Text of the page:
Who do you Judge?

I read “The Shack” years ago, and more recently re-read it as part of a book/study group. I recently watched the movie, which I thought encapsulated the book really well, in fact better than the book in some ways. It is a story, an allegory of sorts, of human meets the trinity in the midst of tragedy and grief. But whether or not you hold to the christian faith (and if you do, it is refreshing because it breaks down racial and cultural stereotypes that have been distorted and politicised) it doesn’t matter because (for me) teh penultiamte scene is the scene where Mack meets Wisdom (Sophia) and she calls him on blame, projection, and judging. Mack is consumed by grief, anger, and blames God for the death of his daughter. His consuming feelings are destroying his relationships. this excerpt from the movie is powerful in that we are confronted with our desire yet incapability of true judgement. From a Buddhist perspective, it would lean to non-harming and non-attachment.

The point is, we all tend to judge, we all blame, but can we step aside from this? Forgiveness doesn’t bring back the dead or undo the negatives in our lives, but Wisdom asserts that we can transform, simply through forgiveness, which doesn’t change events in the past, but sure gives positive opportunity to move on into the future. This is a must for every justice system, every community group, every family, every individual. Restorative Justice, at its core,  is founded on this principle. When we let go of the bile and hate, when we realise we cannot get better by punishing others or getting revenge, then there is an inner tranformation, which is also lived and shared outwardly. Forgiveness isn’t giving a free kick to someone who has wronged us, it is letting ourselves off the hook of anger and hate, it unblocks us and sets us free to live. I’ll let you know when I’ve perfected the art of not judging, but for now I’m in training.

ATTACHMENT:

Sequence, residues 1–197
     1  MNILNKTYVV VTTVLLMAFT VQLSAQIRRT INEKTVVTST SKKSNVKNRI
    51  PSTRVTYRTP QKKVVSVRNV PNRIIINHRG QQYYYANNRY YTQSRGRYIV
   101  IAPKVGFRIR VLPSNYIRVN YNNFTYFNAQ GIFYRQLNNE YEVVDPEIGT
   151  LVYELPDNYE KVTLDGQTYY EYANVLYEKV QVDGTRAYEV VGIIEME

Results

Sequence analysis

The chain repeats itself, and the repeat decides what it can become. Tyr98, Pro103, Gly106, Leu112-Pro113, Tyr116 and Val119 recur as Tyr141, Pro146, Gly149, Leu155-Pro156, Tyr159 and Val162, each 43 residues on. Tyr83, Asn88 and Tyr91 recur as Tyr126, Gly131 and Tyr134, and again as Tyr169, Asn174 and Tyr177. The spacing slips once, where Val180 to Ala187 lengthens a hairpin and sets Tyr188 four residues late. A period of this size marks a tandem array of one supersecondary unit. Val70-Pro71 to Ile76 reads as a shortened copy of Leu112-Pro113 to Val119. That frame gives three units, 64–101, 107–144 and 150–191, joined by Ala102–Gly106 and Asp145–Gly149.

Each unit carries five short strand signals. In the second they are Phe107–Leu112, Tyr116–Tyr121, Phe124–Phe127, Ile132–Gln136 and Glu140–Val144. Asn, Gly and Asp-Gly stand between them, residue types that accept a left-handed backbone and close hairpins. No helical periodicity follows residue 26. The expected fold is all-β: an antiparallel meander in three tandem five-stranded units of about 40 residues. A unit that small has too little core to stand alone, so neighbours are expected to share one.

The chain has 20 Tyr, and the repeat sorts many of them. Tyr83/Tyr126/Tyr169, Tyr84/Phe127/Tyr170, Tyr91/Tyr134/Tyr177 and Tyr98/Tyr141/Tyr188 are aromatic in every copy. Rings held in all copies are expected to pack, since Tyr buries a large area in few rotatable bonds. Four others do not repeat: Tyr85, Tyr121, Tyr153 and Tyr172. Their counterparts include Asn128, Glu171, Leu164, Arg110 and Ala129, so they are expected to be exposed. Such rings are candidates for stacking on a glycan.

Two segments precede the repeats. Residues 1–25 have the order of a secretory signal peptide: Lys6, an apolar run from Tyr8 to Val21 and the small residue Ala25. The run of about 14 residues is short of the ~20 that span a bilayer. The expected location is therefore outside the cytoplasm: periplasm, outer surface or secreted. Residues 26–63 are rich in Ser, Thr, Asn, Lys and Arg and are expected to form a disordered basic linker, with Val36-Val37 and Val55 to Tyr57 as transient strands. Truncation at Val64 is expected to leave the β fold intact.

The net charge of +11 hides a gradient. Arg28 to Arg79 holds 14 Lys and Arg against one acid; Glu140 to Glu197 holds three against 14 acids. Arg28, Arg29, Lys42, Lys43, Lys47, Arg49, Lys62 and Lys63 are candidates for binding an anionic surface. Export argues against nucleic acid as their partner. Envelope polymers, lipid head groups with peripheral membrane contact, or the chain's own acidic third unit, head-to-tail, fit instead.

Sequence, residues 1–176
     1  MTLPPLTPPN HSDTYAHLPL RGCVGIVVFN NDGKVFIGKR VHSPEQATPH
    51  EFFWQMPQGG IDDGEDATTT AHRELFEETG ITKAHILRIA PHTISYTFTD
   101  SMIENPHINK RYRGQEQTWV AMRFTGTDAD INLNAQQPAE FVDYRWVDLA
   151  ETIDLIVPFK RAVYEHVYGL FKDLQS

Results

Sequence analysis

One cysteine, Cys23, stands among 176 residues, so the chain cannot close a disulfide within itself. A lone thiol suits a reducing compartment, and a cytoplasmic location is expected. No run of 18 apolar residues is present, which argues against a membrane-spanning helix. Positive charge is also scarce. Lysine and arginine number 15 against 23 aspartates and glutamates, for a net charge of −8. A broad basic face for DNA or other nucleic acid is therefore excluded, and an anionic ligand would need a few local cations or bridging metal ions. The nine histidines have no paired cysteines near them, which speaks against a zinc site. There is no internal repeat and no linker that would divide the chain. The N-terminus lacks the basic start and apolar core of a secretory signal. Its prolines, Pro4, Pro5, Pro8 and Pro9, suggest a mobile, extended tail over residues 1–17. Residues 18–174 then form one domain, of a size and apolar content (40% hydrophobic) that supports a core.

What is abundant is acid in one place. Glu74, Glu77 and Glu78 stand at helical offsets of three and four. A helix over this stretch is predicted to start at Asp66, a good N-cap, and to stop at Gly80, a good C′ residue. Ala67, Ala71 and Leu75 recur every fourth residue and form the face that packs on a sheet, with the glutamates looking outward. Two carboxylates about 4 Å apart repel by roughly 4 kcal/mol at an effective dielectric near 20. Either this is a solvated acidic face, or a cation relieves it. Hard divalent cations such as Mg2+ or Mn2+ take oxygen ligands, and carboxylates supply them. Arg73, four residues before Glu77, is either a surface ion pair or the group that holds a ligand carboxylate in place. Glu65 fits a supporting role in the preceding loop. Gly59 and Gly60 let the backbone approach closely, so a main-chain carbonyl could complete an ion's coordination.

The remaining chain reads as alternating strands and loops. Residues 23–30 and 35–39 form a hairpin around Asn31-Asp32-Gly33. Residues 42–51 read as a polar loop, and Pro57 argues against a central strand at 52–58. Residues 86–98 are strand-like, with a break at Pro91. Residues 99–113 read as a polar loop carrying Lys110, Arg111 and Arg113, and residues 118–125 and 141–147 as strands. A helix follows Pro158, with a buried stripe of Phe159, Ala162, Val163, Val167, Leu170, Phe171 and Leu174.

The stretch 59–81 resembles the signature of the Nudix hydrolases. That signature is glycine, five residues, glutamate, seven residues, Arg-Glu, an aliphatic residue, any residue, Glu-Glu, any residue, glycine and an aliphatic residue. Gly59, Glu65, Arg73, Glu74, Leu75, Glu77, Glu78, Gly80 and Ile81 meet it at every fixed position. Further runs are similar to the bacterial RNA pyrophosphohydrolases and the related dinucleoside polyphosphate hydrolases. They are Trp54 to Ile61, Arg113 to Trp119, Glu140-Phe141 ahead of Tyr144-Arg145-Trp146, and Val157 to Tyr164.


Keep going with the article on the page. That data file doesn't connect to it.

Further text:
(Video: Youtube, The Shack, Judgement)




Filed under Alt-Religion, community, life, Philosophy/Theology, Restorative Justice, Spirituality

8 responses to “Who do you Judge?

  1. lou rasmus

    hard to forgive and not judge. never been my strong suit. so goodluck haha

    Liked by 2 people

  2. very hard but most beneficial … understanding karma is very reassuring, enables forgiveness from the heart! Good post Paul

    Liked by 1 person

  3. Still working on it. tough to do, but when you lie awake at night with the rages of stupidity for acting/failing to act, it does cross the mind. Would the anger be there if I forgave? Can I forgive myself as a first step? It’s too late to go back to change things that happened, but should I carry that baggage, should I allow myself to be dragged down by those emotions until I die? Will that achieve anything?
    So, first I work on being able to forgive myself.
    then I’ll think about the next step.
    Thank you.

    Liked by 1 person

  4. I’m mostly very appreciative of this. Of course, though, there’s complexity in this that can go deeper than what ideals can offer (but where intelligent prudence — and keen understanding — is a decent thing). The zebra who forgives the lion (after the first incident) is usually a very dead zebra.

    Liked by 1 person

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